Knowle Memorial gets a fitting makeover

Our team from Thomas Bragg and Sons, Knowle have helped with the Knowle Memorial restoration project to mark the 100-year anniversary of the First World War.

It all started with a letter to The Knowle Society from Dr Irvine Stuart which was sent in February 2017.  A committee was set up with Knowle Parish Church, Knowle Royal British Legion, The Knowle Society, Dr Stuart and Stephen Chaplin, builder, to come up with some new ideas.  This was then published in the The Knowle Society’s Newsletter.

After reading the article and speaking to our stonemasons, G H Davies, our team offered their support to help with the restoration project.

After several meetings, many donations from local businesses and individuals and with the help of a professional landscaper and Steve Chaplin, a new memorial design was put forward.

Our team at Thomas Bragg and Sons worked with G H Davies to find the quarry that would provide three Red Hollington Plinths to accompany the already standing memorial.

Having found the quarry In May, it took until Monday 22 October for the plinths to be ready and collected. G H Davies then had the task of drying out the plinths to then inscribe the names of men and women from Knowle who had fallen in the First and Second World War, as well as other conflicts.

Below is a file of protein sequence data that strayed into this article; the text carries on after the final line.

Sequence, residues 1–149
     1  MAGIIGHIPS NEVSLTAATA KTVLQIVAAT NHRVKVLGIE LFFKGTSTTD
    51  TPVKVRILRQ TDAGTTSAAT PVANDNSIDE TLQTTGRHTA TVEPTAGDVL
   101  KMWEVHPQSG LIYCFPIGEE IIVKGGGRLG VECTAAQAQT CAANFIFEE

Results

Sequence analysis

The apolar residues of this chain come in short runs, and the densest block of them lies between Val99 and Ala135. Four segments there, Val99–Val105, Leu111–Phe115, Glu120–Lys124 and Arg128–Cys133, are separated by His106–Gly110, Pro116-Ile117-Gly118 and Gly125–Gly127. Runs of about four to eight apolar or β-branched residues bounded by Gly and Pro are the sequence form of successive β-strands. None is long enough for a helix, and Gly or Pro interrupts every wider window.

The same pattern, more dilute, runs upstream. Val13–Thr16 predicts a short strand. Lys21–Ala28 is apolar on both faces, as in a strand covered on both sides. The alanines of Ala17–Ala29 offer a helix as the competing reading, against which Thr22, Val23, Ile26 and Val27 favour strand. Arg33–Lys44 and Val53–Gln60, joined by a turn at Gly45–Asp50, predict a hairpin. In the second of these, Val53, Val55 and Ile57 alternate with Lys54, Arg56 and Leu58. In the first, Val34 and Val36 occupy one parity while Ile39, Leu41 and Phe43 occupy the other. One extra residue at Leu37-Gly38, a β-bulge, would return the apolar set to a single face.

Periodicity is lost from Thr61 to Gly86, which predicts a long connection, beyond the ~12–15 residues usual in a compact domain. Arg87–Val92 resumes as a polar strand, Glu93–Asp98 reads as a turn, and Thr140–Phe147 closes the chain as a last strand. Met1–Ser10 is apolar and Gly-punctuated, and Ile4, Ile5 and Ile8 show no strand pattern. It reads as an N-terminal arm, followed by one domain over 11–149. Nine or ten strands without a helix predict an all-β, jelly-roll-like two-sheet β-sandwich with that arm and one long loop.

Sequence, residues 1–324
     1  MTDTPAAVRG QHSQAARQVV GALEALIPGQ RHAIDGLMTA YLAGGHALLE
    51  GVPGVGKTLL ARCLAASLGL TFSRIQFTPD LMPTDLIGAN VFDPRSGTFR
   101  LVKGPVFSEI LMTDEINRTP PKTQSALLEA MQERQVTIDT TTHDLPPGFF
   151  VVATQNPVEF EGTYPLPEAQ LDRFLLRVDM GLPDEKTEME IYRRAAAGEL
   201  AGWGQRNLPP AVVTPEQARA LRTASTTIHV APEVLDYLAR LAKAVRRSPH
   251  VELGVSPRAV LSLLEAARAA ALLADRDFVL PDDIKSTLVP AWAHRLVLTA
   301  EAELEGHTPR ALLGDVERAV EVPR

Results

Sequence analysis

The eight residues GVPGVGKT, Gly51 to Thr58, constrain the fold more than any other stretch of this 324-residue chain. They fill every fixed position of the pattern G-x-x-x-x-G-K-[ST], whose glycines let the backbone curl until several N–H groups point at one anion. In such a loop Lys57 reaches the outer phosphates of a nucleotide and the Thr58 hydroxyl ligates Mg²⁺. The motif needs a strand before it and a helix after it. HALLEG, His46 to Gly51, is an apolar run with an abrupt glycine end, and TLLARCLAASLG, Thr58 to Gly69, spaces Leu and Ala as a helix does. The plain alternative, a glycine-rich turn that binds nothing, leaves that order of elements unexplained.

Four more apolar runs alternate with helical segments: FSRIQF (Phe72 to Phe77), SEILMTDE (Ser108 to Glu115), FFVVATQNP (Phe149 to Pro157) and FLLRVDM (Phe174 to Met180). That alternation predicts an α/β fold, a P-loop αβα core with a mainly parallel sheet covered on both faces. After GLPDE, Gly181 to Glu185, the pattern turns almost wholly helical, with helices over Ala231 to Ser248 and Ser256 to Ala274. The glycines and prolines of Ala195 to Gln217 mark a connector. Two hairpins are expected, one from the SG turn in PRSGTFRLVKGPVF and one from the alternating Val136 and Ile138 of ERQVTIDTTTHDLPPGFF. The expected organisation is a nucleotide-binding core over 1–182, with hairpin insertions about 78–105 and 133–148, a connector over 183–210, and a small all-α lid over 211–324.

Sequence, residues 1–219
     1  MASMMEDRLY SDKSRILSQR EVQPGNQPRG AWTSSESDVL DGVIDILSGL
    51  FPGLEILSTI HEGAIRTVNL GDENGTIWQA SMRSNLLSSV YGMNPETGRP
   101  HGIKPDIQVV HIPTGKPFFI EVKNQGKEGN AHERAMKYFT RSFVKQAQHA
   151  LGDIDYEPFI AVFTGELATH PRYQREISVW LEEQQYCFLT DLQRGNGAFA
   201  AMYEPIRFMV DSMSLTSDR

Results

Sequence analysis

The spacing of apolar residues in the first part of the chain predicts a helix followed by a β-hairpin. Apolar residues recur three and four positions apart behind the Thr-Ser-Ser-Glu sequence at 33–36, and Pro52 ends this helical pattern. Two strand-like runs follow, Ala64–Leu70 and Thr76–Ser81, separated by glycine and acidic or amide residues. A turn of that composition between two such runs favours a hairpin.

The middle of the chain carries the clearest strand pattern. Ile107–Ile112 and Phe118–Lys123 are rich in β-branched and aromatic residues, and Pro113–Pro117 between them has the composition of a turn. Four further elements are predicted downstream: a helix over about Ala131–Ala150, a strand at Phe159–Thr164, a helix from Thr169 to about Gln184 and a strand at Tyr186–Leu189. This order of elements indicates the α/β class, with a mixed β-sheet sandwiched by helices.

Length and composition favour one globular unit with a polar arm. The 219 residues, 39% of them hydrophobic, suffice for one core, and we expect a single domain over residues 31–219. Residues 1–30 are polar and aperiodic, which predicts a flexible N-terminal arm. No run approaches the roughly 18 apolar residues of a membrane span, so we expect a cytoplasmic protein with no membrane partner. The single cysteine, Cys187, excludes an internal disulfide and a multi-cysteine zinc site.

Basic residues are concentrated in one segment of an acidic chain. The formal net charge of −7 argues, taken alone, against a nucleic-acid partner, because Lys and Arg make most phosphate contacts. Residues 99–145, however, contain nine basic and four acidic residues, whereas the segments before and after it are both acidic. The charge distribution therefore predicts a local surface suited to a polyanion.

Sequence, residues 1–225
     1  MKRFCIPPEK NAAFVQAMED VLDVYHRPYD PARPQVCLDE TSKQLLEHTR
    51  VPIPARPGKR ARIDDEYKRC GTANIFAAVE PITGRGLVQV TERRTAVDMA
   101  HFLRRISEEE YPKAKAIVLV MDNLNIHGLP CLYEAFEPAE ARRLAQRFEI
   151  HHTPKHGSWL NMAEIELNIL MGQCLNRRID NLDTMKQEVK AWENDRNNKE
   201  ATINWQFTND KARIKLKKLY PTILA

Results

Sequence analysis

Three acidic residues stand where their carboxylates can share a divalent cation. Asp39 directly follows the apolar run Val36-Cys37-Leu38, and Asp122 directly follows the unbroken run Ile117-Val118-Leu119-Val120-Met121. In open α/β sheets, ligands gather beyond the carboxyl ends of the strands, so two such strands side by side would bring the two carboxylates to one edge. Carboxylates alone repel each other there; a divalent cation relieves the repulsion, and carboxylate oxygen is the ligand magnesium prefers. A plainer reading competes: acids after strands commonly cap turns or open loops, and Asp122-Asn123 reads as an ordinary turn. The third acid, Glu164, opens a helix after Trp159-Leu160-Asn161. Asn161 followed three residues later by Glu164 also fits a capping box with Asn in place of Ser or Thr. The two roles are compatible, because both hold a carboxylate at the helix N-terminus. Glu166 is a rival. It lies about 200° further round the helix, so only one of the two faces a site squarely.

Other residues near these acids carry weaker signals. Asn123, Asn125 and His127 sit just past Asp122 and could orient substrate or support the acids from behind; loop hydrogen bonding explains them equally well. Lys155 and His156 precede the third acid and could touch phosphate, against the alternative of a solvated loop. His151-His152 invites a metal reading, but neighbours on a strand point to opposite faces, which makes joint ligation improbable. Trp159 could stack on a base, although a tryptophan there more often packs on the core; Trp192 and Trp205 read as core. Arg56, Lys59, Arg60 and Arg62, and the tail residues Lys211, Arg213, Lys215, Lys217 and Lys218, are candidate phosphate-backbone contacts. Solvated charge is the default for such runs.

The memorial was cleaned via the Doff method and then Steve Chaplin and his team commenced the task of replacing all of the slabs around the memorial.  The last thing to add to the memorial were the three plinths. With the help of G H Davies, Steve Chaplin and his team, the plinths were installed on Friday 2 November just in time for the grand unveiling on 4 November.

Funeral Arranger Kayleigh Hughes said: “The memorial looks absolutely incredible, hats off to everyone involved. It is so important that we keep remembering the fallen because we would not be here living our lives as we do if it wasn’t for them.

“I am so proud to have been involved in something so special, the entire community really came together, and it seems a fitting way to celebrate the lives of loved ones and the 100th anniversary since the end of World War One.”